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Advice for gardeners - from the experts at Newton Community Farm

Newton Community Farm will reopen to the public June 1.
Newton Community Farm will reopen to the public June 1.Allison Pirog

Barney Keezell is known in his Newton Centre neighborhood for the pumpkins he grows in his hedge.

As a longtime urban gardener, Keezell grows leafy greens, beets, cucumbers and more at his home. He said one of his favorite parts of gardening is the time spent outside with family.

“It feeds the soul,” Keezell said. “It’s incredible watching a seed turn into a tomato. It’s a practical and spiritual experience.”

Keezell, a former Newton Community Farm board member, spoke at the group’s free, virtual home gardening event April 22. He advised first-time gardeners to start by choosing three or four easy-to-grow vegetables, such as lettuce and potatoes, and plant them in large pots.


Gardeners should wait until late May to plant their seedlings outside, Keezell said. Insects are less likely to eat seedlings planted later in the year, he said, because they have more food options outside of gardens.

Many Newton homes have had lead paint, Keezell said, so it is important to test soil for lead before gardening. The University of Massachusetts performs pH and lead testing, he said.

Worms can help aerate a garden and speed up composting, Keezell said, and gardeners should focus on watering the bottom of stems and avoid the leaves to prevent fungus growth on plants.

Beginners should persist through small harvests, Keezell said, and enjoy the process.

First-time gardener Martin Summers, who attended the virtual talk, said he enjoyed Keezell’s advice to focus on the gardening process instead of the results.

“I very much appreciated the way that he talked about it as medicine and as therapy,” Summers said.

Summers said he and his husband recently moved from a condo to a single-family home and wanted to start a garden. He said Keezell’s tips to get their soil tested and wait until May before planting have been helpful to them as they get started.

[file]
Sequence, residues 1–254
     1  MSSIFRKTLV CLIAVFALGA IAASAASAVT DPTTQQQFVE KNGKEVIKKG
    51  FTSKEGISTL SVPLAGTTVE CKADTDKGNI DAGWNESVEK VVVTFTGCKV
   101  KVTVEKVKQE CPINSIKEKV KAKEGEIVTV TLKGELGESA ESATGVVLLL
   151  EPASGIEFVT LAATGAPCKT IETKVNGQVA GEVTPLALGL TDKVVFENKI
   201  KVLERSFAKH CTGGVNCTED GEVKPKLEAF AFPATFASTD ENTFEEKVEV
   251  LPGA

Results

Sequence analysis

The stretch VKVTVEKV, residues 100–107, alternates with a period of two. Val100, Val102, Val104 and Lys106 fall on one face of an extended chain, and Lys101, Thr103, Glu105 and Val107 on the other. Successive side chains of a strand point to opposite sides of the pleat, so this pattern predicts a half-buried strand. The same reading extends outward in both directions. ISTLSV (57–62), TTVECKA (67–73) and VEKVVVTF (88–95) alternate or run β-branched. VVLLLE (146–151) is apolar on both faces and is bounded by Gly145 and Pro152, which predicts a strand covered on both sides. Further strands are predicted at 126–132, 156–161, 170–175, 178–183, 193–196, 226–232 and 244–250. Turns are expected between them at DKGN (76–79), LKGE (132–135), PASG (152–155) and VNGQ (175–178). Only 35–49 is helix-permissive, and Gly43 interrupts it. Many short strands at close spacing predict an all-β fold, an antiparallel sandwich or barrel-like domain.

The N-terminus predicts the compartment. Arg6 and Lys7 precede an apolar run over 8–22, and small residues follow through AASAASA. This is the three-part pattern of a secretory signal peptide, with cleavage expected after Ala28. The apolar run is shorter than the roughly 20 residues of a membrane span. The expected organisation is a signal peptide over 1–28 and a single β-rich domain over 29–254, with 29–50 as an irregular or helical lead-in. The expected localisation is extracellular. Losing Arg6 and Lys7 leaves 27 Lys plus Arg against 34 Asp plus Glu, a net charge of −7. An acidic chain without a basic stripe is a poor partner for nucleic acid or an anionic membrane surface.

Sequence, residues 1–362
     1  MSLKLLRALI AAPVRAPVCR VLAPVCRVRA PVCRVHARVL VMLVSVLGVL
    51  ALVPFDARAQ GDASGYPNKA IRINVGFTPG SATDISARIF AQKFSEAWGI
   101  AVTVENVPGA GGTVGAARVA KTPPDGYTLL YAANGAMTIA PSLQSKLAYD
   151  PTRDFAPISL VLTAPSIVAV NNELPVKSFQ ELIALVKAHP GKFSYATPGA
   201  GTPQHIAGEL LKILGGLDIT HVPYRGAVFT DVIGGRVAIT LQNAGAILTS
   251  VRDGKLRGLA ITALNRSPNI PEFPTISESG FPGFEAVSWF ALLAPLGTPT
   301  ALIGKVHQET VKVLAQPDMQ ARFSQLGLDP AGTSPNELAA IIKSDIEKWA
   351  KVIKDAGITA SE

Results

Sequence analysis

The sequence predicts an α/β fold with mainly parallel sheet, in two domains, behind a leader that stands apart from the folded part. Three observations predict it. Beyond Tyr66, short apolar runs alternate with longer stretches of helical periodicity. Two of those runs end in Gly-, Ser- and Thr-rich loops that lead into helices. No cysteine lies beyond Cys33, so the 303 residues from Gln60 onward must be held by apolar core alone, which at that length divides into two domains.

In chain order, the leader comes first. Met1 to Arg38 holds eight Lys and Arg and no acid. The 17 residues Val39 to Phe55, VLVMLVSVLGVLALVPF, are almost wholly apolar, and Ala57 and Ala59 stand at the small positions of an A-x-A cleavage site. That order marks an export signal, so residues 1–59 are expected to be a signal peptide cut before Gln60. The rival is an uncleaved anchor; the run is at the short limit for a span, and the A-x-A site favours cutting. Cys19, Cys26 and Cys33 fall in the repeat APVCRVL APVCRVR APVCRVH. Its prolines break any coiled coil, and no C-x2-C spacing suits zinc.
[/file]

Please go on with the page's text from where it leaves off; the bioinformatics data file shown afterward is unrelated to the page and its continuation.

Jay Vilar, the farm’s operations, communications and events manager, said the farm will hold weekly, in-person classes for children ages 5 to 13 in July and August. Kids can attend one or more of the $200-per-week classes to learn about farming, sustainability and other topics, according to the farm’s website.

Vilar said the farm will host another free, virtual talk with author Crystal Stevens on May 19.

The farm is set to reopen June 1, Vilar said, and they plan to launch a self-service and self-checkout stand where community members can purchase produce.

The nonprofit had a record number of sales for its online, contactless seedling sale last year, Vilar said, as more people started a garden during the pandemic.

“This year really was no different,” Vilar said. “The trend of backyard gardening and home gardening for sure has at least stayed with us in the second year of a pandemic.”

Needham Garden Center owner Garrett Graham said his store saw about a 70 percent increase in customers purchasing gardening equipment last year.

The cost of growing a garden varies depending on what gardeners are looking for, Graham said.

“If you are willing to just dig up a sunny part of your yard, add a couple bags of manure,” Graham said, “for 30 bucks you could be a gardener.”

To watch the talk, visit the farm’s YouTube channel.

Allison Pirog can be reached at newtonreport@globe.com.